The U.S. Court of Appeals for the Second Circuit has dismissed an appeal involving the settlement of class action securities claims pertaining to the Bernie Madoff Ponzi scheme. The claims, having been settled, were brought by 118 plaintiffs, who were individual and institutional investors in Madoff feeder funds managed by Fairfield Greenwich Group.
The appeal was brought by non-settling defendants, challenging a portion of the settlement agreement that provides that investors who file claims under the settlement submit to the district court's jurisdiction for the sole purpose of participating in the settlement and not for any other purpose. The challenging defendants asserted that the district court erred in approving this provision because district courts cannot permit litigants to agree to insulate themselves from personal jurisdiction if it would otherwise be created as a result of the settlement, according to the opinion.
The plaintiffs argued that the non-settling defendants lacked standing to object, in response to which the defendants contended that they have standing because the provision in question prejudices their rights to assert that participation in the settlement should bar or limit investor claims against them in other litigation.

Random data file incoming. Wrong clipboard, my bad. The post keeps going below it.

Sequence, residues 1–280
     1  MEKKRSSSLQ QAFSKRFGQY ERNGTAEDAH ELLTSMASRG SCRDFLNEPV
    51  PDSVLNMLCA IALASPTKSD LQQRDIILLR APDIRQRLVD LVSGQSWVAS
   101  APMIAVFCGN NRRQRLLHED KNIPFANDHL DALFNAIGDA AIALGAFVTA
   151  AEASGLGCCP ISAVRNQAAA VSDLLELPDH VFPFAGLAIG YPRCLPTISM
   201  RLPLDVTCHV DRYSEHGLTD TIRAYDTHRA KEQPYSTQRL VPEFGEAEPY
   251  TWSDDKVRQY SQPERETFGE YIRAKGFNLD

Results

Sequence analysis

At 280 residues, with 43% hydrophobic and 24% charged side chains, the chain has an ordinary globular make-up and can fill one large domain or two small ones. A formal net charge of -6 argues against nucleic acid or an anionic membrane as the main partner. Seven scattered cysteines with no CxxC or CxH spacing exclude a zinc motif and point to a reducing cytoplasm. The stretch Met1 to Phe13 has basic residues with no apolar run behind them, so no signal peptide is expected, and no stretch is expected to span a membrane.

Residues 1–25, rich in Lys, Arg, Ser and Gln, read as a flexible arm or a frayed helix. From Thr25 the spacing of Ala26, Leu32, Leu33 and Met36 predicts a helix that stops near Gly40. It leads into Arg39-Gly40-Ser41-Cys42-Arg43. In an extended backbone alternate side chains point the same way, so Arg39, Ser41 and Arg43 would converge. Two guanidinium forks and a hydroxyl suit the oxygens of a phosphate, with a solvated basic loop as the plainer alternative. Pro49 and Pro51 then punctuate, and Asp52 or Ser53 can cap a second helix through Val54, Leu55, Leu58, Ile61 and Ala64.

The Second Circuit, however, agreed with the plaintiffs, concluding that the non-settling defendants did have standing, and thus the court dismissed the appeal. The court's opinion states, "In reaching this result, we join our sister courts in holding that a settlement which does not prevent the later assertion of a non-settling party's claims…does not cause the non‐settling party 'formal' legal prejudice. For these reasons, we conclude that the non‐settling defendants do not have standing to object to the settlement. In view of this conclusion, we decline to address the remaining issues argued on appeal."